The Coronavirus Exposes Hollywood’s Celebrity Landlords
Several celebs have received fawning headlines for offering tenants free rent during the current pandemic. But the bigger question is: Why are these people landlords to begin with?
In recent weeks, the seedy existence of celebrity landlords came to the fore when word got out that Kristen Bell and Dax Shepard gifted the residents of their two Los Angeles buildings a rent-free April, due to the COVID-19 pandemic. (Bell and Shepard live in a $4.3 million home in Los Angeles’ posh Los Feliz.) But instead of providing a warm and fuzzy PR moment for the actors, their landlordism exposed something disturbing about the charismatic celebrities who are ubiquitous on our various screens: Many of them are not simply (rich) workers, but capitalists.
Actor and filmmaker Michael Rapaport publicly shamed actress Natasha Lyonne for being a poor tenant in his Manhattan brownstone. Hannibal Buress owns a building in Chicago that he used to rent out on Airbnb, thereby contributing to the gentrification of the city while he raked in indie film and TV projects. Buress was outspokenly against Bernie Sanders’ proposal for rent control (Sanders himself rents out a vacation property), to the disappointment of many of his fans, who assumed he held progressive views on the matter. Plenty of other high-earning entertainers, from Jennifer Lawrence to Melissa McCarthy, also rent out properties, though they’re luxury vacation or city homes that are likely rented temporarily by other very rich people (Bella Thorne also recently made headlines for offering those renting her $2 million Sherman Oaks home free rent amid COVID-19).
Still, the whole ordeal feels icky. Forget offers for rent-free April—well before the pandemic, people have slept on the street, been poisoned in asbestos-ridden cramped apartments, and languished in student debt, and Kristen Bell, who reportedly earned $125,000 per episode on The Good Place, has been charging rent? (Shepard, also an actor, has reportedly made $13 million off his podcast alone.)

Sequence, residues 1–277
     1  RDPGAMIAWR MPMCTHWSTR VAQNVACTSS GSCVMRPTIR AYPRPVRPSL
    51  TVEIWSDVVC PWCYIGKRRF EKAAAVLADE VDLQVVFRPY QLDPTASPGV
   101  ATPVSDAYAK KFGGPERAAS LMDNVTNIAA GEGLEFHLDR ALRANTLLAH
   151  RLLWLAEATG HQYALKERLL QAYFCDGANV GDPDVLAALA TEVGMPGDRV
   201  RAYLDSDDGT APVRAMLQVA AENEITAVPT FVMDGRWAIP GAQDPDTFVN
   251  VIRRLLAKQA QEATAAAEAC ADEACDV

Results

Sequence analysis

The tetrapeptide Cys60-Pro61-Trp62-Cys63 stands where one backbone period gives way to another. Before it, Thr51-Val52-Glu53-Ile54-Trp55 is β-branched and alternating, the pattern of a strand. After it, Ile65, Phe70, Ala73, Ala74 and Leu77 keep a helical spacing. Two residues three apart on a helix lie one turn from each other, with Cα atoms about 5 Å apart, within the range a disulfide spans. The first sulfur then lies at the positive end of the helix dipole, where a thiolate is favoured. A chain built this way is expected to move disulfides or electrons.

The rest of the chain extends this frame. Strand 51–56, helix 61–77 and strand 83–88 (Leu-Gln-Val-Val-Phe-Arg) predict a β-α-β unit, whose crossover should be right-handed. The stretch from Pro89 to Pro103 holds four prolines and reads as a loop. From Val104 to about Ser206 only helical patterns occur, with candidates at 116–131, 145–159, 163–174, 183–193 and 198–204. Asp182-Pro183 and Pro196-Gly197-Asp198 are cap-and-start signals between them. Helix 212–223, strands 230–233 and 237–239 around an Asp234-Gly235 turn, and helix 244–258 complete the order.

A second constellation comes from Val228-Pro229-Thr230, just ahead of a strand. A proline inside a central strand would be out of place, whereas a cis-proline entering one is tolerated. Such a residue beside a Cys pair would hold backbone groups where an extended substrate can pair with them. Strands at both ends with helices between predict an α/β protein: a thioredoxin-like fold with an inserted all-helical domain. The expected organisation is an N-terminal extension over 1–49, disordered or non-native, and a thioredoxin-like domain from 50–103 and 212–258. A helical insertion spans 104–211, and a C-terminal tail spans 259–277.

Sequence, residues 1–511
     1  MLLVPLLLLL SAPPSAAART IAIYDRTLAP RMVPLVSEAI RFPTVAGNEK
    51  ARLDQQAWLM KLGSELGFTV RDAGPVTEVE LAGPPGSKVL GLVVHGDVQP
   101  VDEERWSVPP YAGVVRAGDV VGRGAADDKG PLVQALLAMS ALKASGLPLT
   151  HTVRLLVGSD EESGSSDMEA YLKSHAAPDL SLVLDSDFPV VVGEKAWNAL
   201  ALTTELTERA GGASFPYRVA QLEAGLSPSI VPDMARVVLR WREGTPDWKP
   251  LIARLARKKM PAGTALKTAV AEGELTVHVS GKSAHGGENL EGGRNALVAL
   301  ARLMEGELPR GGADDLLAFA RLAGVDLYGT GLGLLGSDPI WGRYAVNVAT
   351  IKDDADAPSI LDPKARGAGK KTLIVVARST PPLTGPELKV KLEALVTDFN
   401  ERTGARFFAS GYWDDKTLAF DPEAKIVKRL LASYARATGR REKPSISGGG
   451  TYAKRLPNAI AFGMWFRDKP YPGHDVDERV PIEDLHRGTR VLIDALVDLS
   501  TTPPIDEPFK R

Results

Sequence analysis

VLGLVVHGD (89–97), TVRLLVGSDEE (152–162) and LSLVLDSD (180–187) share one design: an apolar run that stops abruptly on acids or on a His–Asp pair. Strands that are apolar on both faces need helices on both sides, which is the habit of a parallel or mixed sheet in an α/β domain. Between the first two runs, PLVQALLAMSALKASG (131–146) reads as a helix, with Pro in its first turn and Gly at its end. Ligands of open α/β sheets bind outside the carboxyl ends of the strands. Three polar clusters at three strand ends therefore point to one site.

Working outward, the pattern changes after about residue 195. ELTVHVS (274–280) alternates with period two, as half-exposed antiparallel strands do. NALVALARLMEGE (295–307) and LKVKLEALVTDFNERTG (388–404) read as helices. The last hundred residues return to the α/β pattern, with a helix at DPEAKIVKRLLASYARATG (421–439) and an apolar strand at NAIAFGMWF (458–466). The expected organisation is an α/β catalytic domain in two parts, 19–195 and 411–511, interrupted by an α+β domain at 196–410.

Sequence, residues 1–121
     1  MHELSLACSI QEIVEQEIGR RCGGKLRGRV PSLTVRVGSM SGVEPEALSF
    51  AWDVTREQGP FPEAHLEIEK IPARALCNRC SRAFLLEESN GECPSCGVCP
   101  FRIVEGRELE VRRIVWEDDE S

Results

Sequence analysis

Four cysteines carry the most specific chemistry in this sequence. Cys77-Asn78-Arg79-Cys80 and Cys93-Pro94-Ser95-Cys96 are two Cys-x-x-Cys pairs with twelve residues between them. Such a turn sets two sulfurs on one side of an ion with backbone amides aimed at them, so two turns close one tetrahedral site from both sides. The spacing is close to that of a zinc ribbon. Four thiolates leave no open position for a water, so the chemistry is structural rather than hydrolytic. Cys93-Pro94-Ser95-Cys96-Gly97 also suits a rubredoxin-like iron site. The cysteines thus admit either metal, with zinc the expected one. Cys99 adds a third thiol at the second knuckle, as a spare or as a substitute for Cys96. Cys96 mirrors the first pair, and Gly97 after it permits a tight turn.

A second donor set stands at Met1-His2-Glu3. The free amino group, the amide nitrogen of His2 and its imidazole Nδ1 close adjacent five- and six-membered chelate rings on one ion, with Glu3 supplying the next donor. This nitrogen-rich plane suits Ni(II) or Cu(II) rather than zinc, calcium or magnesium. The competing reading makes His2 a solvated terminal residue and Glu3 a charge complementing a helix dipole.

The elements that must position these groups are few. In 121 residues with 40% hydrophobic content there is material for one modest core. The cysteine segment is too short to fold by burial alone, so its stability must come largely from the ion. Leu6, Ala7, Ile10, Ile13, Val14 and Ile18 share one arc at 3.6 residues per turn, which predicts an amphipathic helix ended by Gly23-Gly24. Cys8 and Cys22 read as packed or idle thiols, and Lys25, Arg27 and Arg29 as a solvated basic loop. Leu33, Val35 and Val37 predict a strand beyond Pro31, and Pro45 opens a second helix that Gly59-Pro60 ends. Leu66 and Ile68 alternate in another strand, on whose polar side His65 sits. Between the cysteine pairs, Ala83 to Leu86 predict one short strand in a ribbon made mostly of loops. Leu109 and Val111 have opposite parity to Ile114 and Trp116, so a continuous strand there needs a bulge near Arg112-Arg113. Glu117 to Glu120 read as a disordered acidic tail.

The whole concept of being a landlord is only possible because, under capitalism, housing is privatized. Many landlords use this as an excuse for charging you money to live in their unoccupied homes and buildings while they profit—that’s just how the system works! But surely, you could simply not buy a second home or investment property. You could even rent out an apartment you no longer needed in order to pass on ownership to the tenant, charging only property taxes and maintenance, at no profit. You could use your TV-show money to buy a building and share it equitably as a co-op, while living there among the other owners, allowing individuals and families to buy in affordably or at no cost, depending on means. Instead, the free market guides, and the point is to turn a profit off the income of your tenants.
In cities, corporate real-estate developers enact this process even more ghoulishly, flipping crumbling buildings into a different shitty building with a shiny facade, and then charging $2,000 a month for a studio. This is the kind of landlordism that’s easier to rail against, since it closely resembles the myriad other ways capitalism exploits us through corporate influence and abuse. It’s more difficult, however, to make sense of landlordism when it comes down to an individual you may like or even know, especially if that person has a bank loan hanging over their head. Even the best landlords—the ones who fix things promptly, update the kitchen while you’re on vacation, don’t raise the rent—must have a market- or inheritance-driven reason they’re having a stranger or acquaintance pay to live in a property they own.
However, when it comes down to it, wealthy, working actors have not even the most basic excuse for charging rent under the current system. Landlordism is simply another lucrative revenue stream, where you can outsource any work that actually has to be done on the property to typically underpaid laborers. Bell, Shepard, and whoever else may consider passing on ownership to groups of struggling performers who abound in L.A., and have seen their wages severely reduced or entirely disappear not only during the pandemic, but at various unpredictable moments. That would certainly be better than charity.